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Hand, Foot, Mouth and…Fingernails?

Coxsackie virus, the childhood illness that is also known as hand, foot and mouth disease (HFMD), has a classical presentation that includes rashes and vesicles on the inside lining of the cheeks and the skin of the feet, hands, and buttocks. It can also progress, in severe cases, to encephalitis, meningitis, pleuritis, pulmonary edema, and myocarditis. There have been occasional reports of nail changes resulting from HFMD, but mostly this feature gets only passing reference in dermatology textbooks. After noticing a few cases of nail changes of unknown etiology in a hospital-based clinic, researchers decided to undertake a survey to determine the frequency of nail changes after a diagnosis of HFMD in their patients. The survey sought to document nail changes during and after the onset of HFMD and included demographic and medical history information and detailed questions about nail changes. For patterns of nail changes, descriptive choices (e.g., color change, peeling) and sometimes photographic references were provided to help the patient’s recall. Valid survey results were obtained in 273 cases.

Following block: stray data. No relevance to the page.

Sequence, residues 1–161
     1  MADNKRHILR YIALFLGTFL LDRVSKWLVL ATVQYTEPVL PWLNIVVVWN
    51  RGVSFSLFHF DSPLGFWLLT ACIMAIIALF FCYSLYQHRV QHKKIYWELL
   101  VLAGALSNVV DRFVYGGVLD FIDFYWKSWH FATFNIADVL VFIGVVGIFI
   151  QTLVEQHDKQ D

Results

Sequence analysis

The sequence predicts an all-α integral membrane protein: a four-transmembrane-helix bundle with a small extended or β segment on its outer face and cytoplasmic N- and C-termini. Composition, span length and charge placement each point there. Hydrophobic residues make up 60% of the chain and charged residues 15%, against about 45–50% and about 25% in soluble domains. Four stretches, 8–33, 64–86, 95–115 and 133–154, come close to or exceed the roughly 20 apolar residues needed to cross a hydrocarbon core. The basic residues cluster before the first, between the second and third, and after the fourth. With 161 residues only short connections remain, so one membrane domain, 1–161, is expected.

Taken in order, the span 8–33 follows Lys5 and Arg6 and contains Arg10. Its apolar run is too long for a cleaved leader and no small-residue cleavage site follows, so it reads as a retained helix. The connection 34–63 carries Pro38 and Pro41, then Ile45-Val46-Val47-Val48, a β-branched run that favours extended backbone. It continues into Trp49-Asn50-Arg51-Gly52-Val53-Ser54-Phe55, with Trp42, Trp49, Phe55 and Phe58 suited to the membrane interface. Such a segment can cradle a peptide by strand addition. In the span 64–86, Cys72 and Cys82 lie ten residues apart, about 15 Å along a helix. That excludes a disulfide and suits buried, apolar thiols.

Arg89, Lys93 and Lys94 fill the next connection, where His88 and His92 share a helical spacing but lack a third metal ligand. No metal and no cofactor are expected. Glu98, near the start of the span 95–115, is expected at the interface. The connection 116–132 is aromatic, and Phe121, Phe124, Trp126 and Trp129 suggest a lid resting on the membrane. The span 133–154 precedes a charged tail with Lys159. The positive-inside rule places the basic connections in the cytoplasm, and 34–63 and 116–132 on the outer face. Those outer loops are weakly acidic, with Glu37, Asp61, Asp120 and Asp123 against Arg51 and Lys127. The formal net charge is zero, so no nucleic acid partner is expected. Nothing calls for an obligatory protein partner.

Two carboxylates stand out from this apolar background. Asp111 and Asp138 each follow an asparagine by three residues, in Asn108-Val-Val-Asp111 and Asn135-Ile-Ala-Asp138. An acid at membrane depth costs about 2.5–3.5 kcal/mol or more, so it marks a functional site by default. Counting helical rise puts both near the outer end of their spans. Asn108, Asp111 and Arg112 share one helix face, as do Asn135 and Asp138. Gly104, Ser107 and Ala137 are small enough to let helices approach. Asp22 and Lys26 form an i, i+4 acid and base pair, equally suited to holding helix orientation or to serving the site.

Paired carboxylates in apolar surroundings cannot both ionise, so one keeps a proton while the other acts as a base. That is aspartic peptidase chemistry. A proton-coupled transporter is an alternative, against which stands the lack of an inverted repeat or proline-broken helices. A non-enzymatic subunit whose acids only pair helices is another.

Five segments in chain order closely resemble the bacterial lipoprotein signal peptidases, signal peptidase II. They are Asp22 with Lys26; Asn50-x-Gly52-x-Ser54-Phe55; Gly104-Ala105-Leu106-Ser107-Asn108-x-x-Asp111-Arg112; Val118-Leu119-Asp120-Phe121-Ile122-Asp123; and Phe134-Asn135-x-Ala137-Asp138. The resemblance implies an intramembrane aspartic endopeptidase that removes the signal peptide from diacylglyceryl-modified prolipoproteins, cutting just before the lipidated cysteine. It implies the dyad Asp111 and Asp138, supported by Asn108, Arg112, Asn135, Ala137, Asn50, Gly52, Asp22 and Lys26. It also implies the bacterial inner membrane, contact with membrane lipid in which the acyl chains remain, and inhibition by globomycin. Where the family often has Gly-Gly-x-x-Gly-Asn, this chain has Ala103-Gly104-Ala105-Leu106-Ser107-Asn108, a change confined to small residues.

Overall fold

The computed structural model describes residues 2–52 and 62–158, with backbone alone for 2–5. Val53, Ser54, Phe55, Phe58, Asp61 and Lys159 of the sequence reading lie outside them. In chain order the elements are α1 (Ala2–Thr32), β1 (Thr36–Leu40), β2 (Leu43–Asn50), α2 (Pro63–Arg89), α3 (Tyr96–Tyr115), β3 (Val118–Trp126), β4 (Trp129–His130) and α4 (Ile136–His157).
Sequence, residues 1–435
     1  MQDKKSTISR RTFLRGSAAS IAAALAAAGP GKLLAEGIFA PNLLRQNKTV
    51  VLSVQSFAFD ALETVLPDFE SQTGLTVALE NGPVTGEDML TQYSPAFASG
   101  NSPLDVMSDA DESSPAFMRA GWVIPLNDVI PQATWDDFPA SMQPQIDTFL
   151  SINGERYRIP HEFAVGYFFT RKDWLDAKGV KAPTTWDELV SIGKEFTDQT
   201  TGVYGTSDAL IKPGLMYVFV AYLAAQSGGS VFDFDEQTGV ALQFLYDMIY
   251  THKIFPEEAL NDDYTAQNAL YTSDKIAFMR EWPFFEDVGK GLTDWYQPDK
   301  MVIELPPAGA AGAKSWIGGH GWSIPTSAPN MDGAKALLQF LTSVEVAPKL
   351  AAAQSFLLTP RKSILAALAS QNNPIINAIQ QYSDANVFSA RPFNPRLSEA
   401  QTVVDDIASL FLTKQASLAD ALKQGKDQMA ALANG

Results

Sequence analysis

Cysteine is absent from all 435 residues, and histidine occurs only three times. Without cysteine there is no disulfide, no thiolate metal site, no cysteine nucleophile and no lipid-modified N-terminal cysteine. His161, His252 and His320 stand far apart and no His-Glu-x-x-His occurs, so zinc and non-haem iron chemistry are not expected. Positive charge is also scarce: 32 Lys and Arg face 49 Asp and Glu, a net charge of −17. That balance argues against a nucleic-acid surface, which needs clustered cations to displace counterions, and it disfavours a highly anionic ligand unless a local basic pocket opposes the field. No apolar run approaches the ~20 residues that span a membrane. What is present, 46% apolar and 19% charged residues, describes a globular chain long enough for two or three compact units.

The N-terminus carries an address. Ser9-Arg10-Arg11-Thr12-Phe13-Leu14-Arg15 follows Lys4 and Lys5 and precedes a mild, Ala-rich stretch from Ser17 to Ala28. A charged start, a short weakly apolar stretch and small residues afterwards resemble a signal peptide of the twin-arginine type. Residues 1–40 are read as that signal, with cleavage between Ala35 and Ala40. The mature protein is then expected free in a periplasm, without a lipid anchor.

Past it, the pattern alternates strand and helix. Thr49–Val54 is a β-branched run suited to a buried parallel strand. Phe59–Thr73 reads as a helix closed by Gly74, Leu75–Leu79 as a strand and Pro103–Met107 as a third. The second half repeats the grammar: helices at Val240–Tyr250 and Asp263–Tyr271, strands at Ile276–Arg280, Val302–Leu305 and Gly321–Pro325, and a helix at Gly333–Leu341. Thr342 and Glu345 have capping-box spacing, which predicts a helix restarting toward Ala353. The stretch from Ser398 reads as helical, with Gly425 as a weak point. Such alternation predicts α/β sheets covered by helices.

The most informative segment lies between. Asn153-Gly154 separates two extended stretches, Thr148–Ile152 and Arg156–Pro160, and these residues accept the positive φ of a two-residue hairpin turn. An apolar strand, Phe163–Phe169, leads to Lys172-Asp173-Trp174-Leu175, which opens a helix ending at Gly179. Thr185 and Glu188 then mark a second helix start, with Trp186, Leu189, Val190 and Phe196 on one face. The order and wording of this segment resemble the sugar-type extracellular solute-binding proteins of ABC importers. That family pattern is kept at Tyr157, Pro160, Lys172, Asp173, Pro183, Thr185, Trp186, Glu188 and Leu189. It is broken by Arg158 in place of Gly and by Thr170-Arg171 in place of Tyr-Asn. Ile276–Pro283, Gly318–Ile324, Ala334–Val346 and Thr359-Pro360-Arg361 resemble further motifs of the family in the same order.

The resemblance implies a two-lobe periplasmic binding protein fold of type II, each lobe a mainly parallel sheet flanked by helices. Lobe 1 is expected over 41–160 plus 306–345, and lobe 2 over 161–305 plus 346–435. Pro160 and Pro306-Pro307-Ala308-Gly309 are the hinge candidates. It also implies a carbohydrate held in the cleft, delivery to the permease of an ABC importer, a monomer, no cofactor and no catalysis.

The results showed that 20.5% of children with HFMD developed subsequent nail changes. The authors state that the likely cause is a temporary arrest of the nail matrix that causes the nail changes, such as Beau’s lines and shedding of the nails (onychomadesis). The exact pathogenesis is not yet understood. The authors conclude that nail change associated with HFMD usually occurs within 1 to 2 months after the onset, mainly presents as onychomadesis, and is a self-limited condition.

 

Byline: Martha L. Sikes, MS, RPh, PA-C

Posted: August 23, 2016

Source: Wiley Online Library
Adapted from the original article.

[Image: Pixabay / Terimakasih0]




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